Africa > Europe

Arif was 12 years old when his older brother was murdered in Mogadishu for refusing to join Islamist militia al Shabab and fight the Somali government. Afraid Arif might face the same fate, his mother gave him US$50 and put him on a bus to Ethiopia.

Over the next three years, Arif worked as a car washer in Jijiga, Ethiopia; as a dishwasher in Khartoum, Sudan; and as a car wrecker in Tripoli, Libya. Twice he quit his job because his employers had stopped paying him and, as a teenage illegal immigrant, he had no way to claim his money. He crossed two borders on pick-up trucks: the first time, Arif was forced to walk three days over a mountain that the overcrowded vehicle could not manage; the second time, he was left stranded in the Sahara for 25 days, defending his food and water from fellow travelers. Once, he was hospitalized in Sudan for dehydration and then told to pay or leave before he could recover. Twice he was jailed in Libya: in Kufra, the guards beat him, and in Misurata, they threw buckets of water into his cell to soak his mattress, making it impossible to sleep. During one six-month period, he did not shower. Every chance he had, he called his mother to ask if it was time to come back to Mogadishu, and every time his mother said no.

When the Libyan civil war began in 2011, Somali friends in Tripoli asked Arif to join them on a boat going to Italy. “I didn’t want to. I wanted to go to Tunisia and then get back to Mogadishu,” he recalls. But Somali houses were being burned in the city, so Arif paid a smuggler €350 ($475) for passage in a boat so crowded that he could not get up to pee. A Libyan coast-guard boat escorted them to the open sea. Not long after, the boat’s engine stopped.


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Young Eritreans fleeing their coun-try’s military conscription often go north through Sudan, then Egypt, where Bedouins run a business in kidnapping and torture. Victims’ only comfort is regular phone calls with their families to beg for $25,000 ransoms. Three out of 10 Eritrean refugees in Israel were tortured in the Sinai.


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Now known as the “Ghana Must Go” bag, this zippable cuboid of woven plastic was used in the 1980s by Ghanaian migrants being deported en masse from Nigeria for “economic sabotage.” It is known as the “Turkish suitcase” in Germany, “Chinatown bag” in the United States, and “Guyanese Samsonite” in Trinidad.


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Once caught by Libyan police, illegal migrants can be pressed into punitive labor for tasks including mine clearing, while the human smugglers escorting them lose their fee. The solution: disguise foreign-looking migrants as Libyan hijabi women with full robes and a veil covering all but the eyes.


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Before any trans-Saharan trek, stop to buy a jerrican for water. In Niamey, Niger, these unwieldy but durable 25-liter containers cost only 1,600 West African francs (US$3.30), and may save your life in the desert. Wrap with hemp or cardboard for heat-protection.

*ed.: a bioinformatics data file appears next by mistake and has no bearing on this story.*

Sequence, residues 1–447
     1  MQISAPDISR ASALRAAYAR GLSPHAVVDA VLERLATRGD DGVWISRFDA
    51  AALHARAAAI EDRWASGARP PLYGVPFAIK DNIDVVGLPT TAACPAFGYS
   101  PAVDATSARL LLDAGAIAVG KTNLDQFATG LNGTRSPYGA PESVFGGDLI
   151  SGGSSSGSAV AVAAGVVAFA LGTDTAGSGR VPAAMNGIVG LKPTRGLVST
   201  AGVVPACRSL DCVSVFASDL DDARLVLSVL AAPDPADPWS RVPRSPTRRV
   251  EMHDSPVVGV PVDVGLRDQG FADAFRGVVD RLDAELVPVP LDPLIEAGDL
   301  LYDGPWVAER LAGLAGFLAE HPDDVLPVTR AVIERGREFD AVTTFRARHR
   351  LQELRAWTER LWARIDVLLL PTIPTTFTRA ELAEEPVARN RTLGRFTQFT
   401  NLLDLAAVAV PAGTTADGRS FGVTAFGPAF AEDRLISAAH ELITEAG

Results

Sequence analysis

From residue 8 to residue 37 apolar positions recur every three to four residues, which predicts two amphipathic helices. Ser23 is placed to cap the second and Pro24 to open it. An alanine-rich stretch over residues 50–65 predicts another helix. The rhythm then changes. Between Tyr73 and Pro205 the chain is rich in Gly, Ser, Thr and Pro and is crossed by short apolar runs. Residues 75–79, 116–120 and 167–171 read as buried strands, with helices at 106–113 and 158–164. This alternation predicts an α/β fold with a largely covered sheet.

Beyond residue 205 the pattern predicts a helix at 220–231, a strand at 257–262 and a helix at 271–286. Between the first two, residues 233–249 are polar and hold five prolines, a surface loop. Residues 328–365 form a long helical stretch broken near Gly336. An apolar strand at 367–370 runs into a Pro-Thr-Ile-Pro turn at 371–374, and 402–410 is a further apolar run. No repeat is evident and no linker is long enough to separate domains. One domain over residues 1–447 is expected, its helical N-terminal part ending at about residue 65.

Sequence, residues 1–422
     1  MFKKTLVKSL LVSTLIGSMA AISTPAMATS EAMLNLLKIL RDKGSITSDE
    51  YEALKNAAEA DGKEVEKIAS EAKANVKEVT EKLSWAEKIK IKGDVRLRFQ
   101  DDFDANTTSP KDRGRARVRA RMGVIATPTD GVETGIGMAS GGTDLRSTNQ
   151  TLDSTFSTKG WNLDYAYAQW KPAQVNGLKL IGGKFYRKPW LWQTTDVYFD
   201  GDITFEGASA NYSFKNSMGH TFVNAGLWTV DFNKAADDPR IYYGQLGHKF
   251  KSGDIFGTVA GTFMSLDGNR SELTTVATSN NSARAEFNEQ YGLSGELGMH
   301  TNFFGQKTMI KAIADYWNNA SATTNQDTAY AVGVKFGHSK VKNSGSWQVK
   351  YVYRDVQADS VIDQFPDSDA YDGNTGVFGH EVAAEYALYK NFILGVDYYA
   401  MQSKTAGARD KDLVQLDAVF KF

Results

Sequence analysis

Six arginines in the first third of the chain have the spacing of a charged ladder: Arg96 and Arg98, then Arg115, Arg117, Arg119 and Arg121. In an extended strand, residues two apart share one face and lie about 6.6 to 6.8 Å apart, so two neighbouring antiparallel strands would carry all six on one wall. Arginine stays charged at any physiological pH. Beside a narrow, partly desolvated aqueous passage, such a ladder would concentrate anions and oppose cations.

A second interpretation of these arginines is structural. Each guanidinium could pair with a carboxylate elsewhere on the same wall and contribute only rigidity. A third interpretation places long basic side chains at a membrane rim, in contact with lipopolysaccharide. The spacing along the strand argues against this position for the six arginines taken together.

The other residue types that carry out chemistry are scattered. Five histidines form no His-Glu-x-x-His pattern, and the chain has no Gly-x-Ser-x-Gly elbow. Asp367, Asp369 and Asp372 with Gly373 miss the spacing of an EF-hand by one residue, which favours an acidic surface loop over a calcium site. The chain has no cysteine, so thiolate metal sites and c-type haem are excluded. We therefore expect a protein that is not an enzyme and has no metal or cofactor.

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Photo by: Olivier Jobard/SIPA


In one week in May 2012, over 30,000 war refugees walked out of Sudan, zigzagging between bush and mountains to avoid soldiers on the way into South Sudan. To make shoes last, some cut adult sandals to fit children, hacked plastic bottles for soles and soldered straps with melted plastic.


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Photo by: Michael Martin/laif

Stay Alert

Trucks carrying migrants across the Sahara may unload their passengers as soon as the first lights of civilization can be seen. But in a desert, distant lights can be as far as 100 kilometers away, and once the sun rises, careless migrants risk veering the wrong way toward nothing but sand.


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For Angolans crossing into Namibia and Namibians on their way to Angola, an agreement between the two nations’ governments has revolutionized international travel: anyone living within a 30-kilometer radius of the frontier gets a special ID card to circulate freely. For everyone else, a fake Namibian passport sells for about $500.


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Fellow travellers are no more trustworthy than other strangers, so keep cash safe while dozing on long hauls by wrapping bills in condoms and swallowing them. Remember to set a few aside for bribes, though; it costs about $20 to pass each of the 12 checkpoints between Niger and Libya.


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If you get pregnant en route, ship the newborn home for safety. In South Africa, migrant Zimbabwean mothers pay “baby couriers” called omalayitsha to smuggle months-old infants across the border to grandparents in Zimbabwe. The illegal delivery costs ZAR 2,000 ($180), plus 900 kilometers’ worth of baby formula.


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At least 20,000 Nigerian women work as prostitutes in Italy. Most come from Edo, a center for juju magic, where witch doctors use dried chameleons, idols, and live chickens to cast protective spells over departing female travelers. But only if the women swear loyalty oaths to their traffickers, first.


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